CHANNEL 366: THE SANDMAN (2022)

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Recommended*

DIRECTED BY: Mike Barker, Jamie Childs, Mairzee Almas, Andrés Baiz, Coralie Fargeat, Louise Hooper,

FEATURING: Tom Sturridge, Boyd Holbrook, Vivienne Acheampong, Vanesu Samunyai, , voice of

PLOT: Captured by a human magician, the entity Dream escapes after a century and sets about reclaiming his tools to rebuild his realm.

Still from The Sandman (2022)
The Sandman. Tom Sturridge as Dream in The Sandman. Cr. Courtesy of Netflix © 2021

COMMENTS: This Sandman is no “candy-colored clown.” Dream is more of a contemplative type, deathly pale, darkly haired, and pursed-lipped. But then, when we meet him, he has considerable reason to be. Roderick Burgess, dark sorcerer extraordinaire, has captured the ruler of the dream lands, and, with his son taking over the guardianship upon the wizard’s passing, kept him incarcerated for a century. So begins Netflix’s chronicle of “The Sandman,” an effects-filled, symbol-heavy, and, yes, dreamy vision of ‘s much beloved comic book series.

Dream is one of seven godlike entities collectively known as “the Endless,” and his realm (“the Dreaming”) is laid out in full splendor as we travel through it while he softly narrates the introduction. Tom Sturridge’s performance as Dream is well up to the task (even accounting for his excessive habit of pursing his lips). The first episode chronicles his capture, hinting at the world’s characters as we observe the Dream trapped in a glass-and-steel orb nestled within a summoning circle. There is a sad twist from the get-go, for we learn that it was not this particular Endless that Burgess was after—he intended to capture Death, to bargain with her to return his dead son.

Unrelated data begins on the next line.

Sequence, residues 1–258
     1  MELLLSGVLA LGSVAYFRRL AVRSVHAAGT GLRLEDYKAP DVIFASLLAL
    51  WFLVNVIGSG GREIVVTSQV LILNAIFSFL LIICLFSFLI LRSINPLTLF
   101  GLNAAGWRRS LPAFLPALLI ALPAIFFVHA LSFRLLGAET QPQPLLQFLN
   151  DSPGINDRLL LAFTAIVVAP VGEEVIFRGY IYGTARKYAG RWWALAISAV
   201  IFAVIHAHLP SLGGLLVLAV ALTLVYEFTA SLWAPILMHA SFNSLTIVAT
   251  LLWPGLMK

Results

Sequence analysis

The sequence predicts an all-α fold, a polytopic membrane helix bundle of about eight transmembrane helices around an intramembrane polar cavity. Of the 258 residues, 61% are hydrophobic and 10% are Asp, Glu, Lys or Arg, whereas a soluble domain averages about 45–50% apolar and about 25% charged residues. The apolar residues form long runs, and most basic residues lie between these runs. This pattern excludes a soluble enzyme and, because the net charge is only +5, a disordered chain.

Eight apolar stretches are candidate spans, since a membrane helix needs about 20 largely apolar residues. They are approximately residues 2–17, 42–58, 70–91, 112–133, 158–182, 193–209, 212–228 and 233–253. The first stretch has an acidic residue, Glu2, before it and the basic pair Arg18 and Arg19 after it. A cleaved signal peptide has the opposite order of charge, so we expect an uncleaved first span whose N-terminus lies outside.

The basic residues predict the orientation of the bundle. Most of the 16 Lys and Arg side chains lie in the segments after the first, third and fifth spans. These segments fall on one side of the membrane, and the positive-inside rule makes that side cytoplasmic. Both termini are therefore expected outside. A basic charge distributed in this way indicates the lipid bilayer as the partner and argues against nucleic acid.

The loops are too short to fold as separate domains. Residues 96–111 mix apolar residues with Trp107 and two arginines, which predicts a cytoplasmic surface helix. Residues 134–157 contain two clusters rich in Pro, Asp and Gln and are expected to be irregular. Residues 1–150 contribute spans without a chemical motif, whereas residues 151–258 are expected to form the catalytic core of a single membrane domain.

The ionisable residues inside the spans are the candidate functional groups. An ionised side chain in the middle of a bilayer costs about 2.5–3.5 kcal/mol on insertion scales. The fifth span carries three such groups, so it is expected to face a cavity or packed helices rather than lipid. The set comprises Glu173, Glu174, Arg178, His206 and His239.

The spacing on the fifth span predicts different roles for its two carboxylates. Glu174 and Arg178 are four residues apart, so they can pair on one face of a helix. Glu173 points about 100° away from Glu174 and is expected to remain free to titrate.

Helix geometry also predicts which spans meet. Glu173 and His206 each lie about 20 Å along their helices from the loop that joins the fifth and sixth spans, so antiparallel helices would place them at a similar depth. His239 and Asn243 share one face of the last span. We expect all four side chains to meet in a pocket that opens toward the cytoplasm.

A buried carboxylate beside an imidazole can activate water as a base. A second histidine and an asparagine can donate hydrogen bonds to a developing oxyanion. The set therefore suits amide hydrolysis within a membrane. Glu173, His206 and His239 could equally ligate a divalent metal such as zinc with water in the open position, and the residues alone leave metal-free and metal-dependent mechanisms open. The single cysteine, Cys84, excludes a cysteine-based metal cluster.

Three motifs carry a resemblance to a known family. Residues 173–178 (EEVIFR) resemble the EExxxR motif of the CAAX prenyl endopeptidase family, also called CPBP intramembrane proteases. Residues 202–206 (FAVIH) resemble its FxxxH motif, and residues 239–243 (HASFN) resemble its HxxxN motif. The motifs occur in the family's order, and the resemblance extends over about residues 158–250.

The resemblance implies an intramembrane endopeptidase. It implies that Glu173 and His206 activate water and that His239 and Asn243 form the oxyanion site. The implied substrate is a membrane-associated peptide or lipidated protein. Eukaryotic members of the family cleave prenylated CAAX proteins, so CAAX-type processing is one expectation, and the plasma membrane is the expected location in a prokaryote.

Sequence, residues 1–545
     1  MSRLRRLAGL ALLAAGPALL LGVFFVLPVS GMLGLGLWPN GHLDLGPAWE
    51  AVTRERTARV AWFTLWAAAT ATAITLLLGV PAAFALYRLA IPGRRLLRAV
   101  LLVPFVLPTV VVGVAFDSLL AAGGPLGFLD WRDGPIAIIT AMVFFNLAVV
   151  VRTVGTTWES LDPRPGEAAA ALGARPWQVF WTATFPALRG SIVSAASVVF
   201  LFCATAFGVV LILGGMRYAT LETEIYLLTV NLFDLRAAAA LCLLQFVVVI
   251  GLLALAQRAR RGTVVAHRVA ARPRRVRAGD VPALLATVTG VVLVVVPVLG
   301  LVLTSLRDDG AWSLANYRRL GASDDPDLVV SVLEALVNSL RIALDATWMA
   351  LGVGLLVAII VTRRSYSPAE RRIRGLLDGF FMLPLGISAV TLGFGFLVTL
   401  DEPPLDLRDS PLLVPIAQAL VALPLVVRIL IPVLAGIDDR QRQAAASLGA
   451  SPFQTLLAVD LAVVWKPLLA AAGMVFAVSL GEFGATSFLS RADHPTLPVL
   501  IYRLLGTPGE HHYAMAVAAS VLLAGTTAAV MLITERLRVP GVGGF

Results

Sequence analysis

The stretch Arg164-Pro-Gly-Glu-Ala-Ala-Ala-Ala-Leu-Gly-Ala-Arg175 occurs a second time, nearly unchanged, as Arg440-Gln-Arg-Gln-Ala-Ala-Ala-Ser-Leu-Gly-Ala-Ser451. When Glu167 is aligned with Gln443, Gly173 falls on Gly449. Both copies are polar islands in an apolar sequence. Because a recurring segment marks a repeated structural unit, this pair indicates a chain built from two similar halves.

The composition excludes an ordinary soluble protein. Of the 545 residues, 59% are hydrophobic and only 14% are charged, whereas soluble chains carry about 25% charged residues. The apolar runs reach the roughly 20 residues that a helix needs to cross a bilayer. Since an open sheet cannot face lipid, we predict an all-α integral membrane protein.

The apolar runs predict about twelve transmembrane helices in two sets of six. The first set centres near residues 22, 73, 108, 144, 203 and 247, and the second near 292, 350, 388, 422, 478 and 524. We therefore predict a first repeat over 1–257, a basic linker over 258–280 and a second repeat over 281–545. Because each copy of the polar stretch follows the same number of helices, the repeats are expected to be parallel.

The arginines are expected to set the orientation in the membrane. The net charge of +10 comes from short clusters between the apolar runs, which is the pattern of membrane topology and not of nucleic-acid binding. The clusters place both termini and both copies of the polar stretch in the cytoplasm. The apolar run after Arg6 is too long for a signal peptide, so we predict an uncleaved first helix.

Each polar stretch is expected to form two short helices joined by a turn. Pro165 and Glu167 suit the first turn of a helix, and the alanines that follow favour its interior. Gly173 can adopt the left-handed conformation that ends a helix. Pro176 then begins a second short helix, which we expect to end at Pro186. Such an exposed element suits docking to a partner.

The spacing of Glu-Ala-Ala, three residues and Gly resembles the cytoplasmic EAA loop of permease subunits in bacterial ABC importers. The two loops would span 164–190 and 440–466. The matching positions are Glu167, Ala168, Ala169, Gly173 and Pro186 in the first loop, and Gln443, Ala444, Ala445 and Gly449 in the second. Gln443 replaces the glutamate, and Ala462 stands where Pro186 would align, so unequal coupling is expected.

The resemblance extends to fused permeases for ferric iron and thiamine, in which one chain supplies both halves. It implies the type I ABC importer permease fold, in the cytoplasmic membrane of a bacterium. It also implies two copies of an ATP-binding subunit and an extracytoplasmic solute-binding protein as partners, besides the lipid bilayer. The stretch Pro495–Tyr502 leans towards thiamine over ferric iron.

Kirby Howell-Baptiste, as the friendliest Death this side of the divide, and Gwendoline Christie, as a prim-and-proper-and-not-ever-to-be-crossed Lucifer, shine in their roles. Dream’s early encounter with Lucifer in Hell hints of some nastiness to come (in season two, presumably). You see, having escaped his cage, Dream is weakened not only by the long-separation from his realm, but also from the loss of his regalia: a bag of sand which allows him to travel the dream world (as well as summon it); a helm, which allows him to travel freely through the waking world; and most importantly, a ruby amulet which allows him to craft dreams—and destroy them.

The fifth episode is the best. I give nothing away by telling you that Dream does collect his accessories, and it is in the pursuit of the final element—the ruby—that “The Sandman” experiences its strangest turn. Set almost entirely within a diner, the episode explores one man’s dream of a better world: a world in which lies cannot exist. The antagonist, and the man with this dream, is one John Dee (David Thewliss, providing the best performance of the series), the civilly unhinged son of the woman who stole Dream’s gear from Burgess all those many years prior. John Dee, and his dream, are unleashed on an unsuspecting assortment of diner workers and regulars. His mild manner belies an inadvertently sinister ambition, and the feature-length episode unspools with quiet menace as a waitress, a cook, and four customers watch their worlds disintegrate through the machinations of Dee’s wish-fulfilled ambitions. After dooming these fellow humans, Dee has a wondrously ethereal showdown with Dream himself, climaxing in the very realm of dreams.